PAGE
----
Say What You Mean, Mean What You Say
June 3, 2013
Don't leave your people guessing. If you want them to do something or to attain a certain outcome, tell them and give them a milestone to achieve it.
I was in a discussion with a manager earlier this week. I asked if he had debriefed one of his sales people after the latter's return from a trade show. The manager said yes, but that he was waiting to see what he would do with a key piece of information. He wanted to see what would happen and if he would deal with it on his own. While this might be a good idea in some circumstances, I advised him to tell him what wants and when he wants it. In other words, "say what you mean, and mean what you say." There is already too much ambiguity and uncertainty to leave our people hanging without definite direction and expectations. We owe our people as much clarity as is reasonable in the circumstances.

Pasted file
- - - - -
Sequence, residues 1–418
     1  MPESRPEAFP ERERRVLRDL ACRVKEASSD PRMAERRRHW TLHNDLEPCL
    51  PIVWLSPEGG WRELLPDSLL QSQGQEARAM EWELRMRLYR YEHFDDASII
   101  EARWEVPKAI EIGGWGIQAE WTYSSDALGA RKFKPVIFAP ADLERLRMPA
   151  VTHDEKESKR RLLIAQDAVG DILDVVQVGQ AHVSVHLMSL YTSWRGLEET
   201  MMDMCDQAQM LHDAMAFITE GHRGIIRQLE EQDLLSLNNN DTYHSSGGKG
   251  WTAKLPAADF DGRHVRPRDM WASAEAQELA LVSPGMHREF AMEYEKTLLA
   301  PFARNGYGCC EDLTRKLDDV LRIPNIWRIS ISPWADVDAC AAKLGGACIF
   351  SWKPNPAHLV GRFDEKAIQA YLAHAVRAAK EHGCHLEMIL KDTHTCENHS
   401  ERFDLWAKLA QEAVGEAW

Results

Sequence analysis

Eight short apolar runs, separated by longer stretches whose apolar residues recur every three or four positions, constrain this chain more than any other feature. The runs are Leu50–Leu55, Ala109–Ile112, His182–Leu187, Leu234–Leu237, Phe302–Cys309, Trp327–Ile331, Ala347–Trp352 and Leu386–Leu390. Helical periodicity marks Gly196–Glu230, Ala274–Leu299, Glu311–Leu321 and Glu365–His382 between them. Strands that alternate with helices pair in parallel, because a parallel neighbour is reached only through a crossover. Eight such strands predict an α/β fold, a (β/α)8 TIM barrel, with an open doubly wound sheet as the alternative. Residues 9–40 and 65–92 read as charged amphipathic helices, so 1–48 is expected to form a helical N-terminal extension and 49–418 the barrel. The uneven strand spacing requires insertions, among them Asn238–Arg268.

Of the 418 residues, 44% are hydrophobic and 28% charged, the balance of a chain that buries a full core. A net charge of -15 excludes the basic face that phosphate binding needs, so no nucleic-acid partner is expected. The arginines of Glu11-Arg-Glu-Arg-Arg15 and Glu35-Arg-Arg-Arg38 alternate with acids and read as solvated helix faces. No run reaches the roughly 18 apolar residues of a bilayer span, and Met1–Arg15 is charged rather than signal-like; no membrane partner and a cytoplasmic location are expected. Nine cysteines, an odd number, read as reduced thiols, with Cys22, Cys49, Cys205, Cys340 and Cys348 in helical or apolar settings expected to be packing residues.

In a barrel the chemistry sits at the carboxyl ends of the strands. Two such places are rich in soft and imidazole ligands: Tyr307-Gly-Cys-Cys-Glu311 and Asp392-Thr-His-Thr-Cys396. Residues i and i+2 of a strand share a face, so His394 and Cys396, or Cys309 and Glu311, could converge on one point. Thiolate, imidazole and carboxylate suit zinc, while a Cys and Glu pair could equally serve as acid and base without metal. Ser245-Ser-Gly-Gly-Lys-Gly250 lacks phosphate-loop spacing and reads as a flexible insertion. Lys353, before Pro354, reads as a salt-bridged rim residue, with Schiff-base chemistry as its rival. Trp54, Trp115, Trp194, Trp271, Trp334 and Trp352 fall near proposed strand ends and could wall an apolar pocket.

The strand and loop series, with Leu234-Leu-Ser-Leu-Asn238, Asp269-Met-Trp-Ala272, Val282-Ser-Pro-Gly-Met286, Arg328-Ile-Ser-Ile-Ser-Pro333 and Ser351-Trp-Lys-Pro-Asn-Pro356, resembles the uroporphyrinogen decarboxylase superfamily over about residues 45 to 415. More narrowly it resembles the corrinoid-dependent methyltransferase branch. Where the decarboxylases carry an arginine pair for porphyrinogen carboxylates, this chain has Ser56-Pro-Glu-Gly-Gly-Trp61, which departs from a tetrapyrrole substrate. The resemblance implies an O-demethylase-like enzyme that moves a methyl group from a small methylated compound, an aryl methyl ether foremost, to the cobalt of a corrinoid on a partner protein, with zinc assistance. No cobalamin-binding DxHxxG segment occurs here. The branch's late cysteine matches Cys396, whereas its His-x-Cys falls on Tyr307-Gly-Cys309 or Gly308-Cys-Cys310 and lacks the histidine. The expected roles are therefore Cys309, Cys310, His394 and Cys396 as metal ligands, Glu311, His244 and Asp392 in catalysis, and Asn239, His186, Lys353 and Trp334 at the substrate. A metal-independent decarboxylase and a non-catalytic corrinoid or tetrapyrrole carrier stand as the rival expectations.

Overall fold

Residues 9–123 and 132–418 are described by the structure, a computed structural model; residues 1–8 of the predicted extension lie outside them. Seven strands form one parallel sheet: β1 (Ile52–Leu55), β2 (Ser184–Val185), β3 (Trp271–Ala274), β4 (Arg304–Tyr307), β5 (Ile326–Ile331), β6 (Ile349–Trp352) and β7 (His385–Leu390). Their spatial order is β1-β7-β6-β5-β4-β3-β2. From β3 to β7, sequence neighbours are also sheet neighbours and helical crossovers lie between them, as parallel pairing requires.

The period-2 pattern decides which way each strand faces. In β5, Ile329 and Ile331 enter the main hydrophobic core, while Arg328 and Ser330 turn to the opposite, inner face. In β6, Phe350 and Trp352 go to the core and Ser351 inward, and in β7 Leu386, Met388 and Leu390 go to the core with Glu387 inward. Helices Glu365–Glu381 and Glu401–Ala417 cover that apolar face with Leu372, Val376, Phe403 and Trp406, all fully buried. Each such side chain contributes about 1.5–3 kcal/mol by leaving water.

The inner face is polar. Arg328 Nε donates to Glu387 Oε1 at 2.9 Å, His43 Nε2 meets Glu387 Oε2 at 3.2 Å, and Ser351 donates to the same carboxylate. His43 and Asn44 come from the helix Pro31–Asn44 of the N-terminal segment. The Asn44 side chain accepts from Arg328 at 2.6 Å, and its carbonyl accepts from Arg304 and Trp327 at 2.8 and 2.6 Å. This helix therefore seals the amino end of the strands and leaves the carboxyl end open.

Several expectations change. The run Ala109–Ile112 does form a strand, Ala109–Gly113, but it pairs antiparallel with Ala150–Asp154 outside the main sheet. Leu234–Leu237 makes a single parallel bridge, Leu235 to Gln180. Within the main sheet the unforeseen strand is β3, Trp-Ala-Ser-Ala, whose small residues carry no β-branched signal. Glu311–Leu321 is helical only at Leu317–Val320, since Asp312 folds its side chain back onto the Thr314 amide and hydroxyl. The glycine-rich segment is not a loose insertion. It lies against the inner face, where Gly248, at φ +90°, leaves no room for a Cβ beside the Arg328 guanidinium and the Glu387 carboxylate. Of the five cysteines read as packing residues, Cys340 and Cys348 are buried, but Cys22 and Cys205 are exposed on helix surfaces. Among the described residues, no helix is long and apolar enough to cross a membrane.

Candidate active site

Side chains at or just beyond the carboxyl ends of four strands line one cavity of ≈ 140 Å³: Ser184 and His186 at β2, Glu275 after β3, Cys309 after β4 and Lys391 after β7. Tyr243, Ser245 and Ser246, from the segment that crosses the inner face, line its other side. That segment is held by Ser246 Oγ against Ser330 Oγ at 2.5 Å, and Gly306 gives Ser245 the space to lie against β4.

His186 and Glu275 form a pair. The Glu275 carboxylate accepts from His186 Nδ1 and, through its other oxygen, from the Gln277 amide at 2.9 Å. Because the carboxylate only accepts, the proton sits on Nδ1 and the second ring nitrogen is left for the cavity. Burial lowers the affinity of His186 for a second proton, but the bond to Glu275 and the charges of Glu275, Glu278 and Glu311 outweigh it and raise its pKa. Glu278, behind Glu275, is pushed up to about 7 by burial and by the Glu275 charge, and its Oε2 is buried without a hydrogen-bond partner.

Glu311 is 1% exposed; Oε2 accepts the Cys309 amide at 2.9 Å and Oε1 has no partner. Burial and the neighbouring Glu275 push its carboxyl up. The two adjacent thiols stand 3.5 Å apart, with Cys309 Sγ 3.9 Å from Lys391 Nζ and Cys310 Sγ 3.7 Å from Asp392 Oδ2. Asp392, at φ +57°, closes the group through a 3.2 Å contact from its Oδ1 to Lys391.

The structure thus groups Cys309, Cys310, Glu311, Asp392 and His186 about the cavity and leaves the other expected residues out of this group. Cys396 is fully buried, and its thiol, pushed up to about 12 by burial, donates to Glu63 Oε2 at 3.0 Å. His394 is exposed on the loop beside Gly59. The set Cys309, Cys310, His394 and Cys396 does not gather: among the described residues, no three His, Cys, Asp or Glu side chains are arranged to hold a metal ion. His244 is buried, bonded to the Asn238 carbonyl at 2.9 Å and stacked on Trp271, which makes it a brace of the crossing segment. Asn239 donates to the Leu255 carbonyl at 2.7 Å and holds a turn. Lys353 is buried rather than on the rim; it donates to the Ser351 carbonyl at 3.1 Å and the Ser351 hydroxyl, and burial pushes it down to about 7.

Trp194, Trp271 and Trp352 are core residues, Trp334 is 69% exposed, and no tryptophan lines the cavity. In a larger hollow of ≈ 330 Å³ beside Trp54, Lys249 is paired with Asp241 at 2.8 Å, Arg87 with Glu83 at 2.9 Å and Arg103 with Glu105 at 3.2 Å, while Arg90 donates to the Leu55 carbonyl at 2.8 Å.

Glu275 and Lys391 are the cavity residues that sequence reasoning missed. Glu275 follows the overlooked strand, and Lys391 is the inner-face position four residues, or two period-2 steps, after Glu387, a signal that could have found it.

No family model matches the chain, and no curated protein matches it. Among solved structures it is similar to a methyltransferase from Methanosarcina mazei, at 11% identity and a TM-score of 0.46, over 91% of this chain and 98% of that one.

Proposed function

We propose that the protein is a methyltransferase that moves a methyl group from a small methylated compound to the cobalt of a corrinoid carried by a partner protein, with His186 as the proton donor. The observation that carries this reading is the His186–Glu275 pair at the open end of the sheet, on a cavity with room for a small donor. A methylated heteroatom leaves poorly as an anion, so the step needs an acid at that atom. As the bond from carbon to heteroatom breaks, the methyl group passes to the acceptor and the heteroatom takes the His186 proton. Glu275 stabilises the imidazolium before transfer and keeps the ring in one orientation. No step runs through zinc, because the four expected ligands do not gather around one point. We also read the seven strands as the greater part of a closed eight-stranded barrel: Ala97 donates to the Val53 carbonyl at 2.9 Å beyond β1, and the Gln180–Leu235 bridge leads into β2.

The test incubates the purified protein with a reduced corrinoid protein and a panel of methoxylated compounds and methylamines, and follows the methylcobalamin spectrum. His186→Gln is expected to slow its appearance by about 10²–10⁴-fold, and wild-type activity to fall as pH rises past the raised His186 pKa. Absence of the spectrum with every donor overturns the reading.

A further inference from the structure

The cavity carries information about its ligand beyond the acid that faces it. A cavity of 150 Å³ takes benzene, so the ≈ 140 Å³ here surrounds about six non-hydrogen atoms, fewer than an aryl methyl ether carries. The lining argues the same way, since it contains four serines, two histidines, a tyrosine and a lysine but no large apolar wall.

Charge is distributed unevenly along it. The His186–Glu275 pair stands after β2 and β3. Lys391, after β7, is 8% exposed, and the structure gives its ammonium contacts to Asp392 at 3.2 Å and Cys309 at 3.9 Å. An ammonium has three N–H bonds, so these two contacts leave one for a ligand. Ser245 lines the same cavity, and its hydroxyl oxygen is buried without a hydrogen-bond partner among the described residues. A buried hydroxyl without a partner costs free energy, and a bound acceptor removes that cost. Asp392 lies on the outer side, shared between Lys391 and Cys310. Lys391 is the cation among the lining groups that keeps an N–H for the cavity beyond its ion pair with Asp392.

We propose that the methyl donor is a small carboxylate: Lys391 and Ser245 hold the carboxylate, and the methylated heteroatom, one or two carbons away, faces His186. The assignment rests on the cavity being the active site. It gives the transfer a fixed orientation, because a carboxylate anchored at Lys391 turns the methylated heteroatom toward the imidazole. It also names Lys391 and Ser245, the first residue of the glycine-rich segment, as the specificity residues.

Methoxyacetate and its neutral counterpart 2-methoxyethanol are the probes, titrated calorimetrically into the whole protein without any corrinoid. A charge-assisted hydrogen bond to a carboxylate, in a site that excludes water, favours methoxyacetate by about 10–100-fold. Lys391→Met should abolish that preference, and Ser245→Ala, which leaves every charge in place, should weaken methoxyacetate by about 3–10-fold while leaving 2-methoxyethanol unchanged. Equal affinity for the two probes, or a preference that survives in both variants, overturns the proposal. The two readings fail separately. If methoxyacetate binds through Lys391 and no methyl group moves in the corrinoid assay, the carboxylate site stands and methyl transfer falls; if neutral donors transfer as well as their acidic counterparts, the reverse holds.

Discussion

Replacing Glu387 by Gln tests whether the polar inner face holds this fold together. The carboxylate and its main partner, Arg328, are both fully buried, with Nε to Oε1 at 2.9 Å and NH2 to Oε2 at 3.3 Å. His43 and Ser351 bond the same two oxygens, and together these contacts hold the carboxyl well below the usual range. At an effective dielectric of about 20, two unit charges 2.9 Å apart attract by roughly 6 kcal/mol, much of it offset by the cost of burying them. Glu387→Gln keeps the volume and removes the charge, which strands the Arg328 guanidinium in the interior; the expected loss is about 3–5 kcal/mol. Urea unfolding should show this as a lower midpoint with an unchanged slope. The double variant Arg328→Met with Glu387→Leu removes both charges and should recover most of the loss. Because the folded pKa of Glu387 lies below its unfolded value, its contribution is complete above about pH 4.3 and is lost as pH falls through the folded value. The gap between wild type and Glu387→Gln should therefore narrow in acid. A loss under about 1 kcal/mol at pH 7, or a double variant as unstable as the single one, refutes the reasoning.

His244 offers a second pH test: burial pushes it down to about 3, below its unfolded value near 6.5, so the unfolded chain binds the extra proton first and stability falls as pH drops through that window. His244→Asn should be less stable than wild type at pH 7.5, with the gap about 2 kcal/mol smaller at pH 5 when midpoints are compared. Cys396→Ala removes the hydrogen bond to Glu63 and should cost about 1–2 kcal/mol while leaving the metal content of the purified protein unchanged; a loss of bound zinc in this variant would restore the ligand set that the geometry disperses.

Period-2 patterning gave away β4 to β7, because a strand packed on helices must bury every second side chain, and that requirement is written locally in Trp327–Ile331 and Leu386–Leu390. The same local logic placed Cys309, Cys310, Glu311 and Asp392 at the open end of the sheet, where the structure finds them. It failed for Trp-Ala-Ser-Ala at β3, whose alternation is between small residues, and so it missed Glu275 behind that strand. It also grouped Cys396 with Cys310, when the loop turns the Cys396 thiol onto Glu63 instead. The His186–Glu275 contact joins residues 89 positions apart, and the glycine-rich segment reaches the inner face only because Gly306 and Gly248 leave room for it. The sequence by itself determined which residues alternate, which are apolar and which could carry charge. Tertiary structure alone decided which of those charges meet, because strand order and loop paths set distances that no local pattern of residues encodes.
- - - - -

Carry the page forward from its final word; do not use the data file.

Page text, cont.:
What are your objectives for your team/organization? Have you communicated these clearly? Could your team and subordinates repeat them in their own words to demonstrate comprehension? Would they be able to continue with the mission if something went wrong in the original plan? Would they have the confidence and the means to do so?
Richard Martin is a consultant, speaker, and executive coach. He brings his military and business leadership and management experience to bear for executives and organizations seeking to exploit change, maximize opportunity, and minimize risk.
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